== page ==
Technovation Judge Training

Technovation Judge Training

August 2016 - May 2018

I developed the judging materials for Technovation. Technovation is the largest technology entrepreneurship program for girls ages 10-18. Every year Technovation invites girls from around the world to identify a problem in their community and then challenges them to solve it. In 2018 over 12,000 girls from more than 100 countries participated in Technovation.


To participate in the competition, teams submit the following:

  1. Pitch Video
  2. Demonstration Video
  3. Source Code
  4. Business Plan

The submissions are judged by volunteer, international judges, both virtually and in-person. The judges need to be provided with materials that are easy to understand and quick to pick up.

Judging Rubric

In both 2017 and 2018, my team and I developed the judging rubric for the competition. The rubric is aimed to give fair scores to all teams. It focuses on scoring the teams in five major areas:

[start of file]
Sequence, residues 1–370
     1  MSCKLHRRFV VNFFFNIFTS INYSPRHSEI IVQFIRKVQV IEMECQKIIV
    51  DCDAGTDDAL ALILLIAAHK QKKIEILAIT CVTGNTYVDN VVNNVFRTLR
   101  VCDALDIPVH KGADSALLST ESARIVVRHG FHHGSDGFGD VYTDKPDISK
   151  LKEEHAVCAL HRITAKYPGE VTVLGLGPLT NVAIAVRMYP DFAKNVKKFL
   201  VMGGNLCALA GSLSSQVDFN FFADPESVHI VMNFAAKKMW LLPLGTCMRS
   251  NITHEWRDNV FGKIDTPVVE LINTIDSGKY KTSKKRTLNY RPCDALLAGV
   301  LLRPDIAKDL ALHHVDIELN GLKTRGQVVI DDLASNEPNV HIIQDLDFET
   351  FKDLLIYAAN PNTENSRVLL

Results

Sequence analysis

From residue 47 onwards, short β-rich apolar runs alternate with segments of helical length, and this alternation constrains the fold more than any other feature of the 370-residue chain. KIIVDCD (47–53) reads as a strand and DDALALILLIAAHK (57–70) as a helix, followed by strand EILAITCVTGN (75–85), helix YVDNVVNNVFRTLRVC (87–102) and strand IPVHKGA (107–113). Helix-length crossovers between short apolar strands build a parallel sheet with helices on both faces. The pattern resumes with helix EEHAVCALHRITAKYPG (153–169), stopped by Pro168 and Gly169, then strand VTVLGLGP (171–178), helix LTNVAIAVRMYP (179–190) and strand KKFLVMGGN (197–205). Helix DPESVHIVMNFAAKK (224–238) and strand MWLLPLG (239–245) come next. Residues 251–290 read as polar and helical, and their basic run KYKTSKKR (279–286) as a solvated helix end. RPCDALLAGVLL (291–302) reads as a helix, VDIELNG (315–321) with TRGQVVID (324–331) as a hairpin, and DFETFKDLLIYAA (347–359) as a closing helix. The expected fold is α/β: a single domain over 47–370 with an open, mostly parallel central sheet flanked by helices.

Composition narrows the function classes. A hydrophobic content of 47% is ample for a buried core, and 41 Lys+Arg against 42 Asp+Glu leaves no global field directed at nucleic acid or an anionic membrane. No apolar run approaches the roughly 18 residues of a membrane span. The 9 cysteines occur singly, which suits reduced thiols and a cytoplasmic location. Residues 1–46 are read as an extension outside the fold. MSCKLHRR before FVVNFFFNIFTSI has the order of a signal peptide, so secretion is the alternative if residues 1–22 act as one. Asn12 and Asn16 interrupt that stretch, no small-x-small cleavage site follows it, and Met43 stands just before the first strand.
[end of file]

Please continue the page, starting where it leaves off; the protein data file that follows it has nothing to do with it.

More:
• Ideation
  • Technical
  • Pitch
  • Entrepreneurship
  • Overall Impression

The judging rubric gives the opportunity for judges to award points for excellent work and effort, as well as for their impression of the submission.

Judging Training

I developed the judge training for both virtual and in-person judges.

The judge training aims to take qualified volunteers with zero knowledge of the program to be able to fairly judge submissions created by teams around the world. The training is broken up into five short videos with the following themes:

  1. Technovation Overview
    • Program Information and Technovation mission
  2. Your Role as a Judge
    • The importance and power of Technovation judges
  3. Parts of a Submission
    • What teams are submitting to the competition
  4. Using the Judging Rubric
    • A walkthrough of the judging rubric
  5. Constructive and Positive Feedback
    • How to give good feedback to teams

Judge Training

Code Checklist

The code checklist was a new aspect I created for the judging process in 2017.

Often times, judges give high scores in the “technical” category for teams that have apps that look nicer or seem more complex. The goal of the code checklist is to give teams points for “effort” and to level the playing field for teams with less access to technology.

The teams provide explanations for how they used certain components in their code. They can earn up to 10 points for filling in the checklist.

After 2017, a survey was taken and it was found that around 65% of Technovation participants liked the code checklist and would like to keep it for the 2018 season.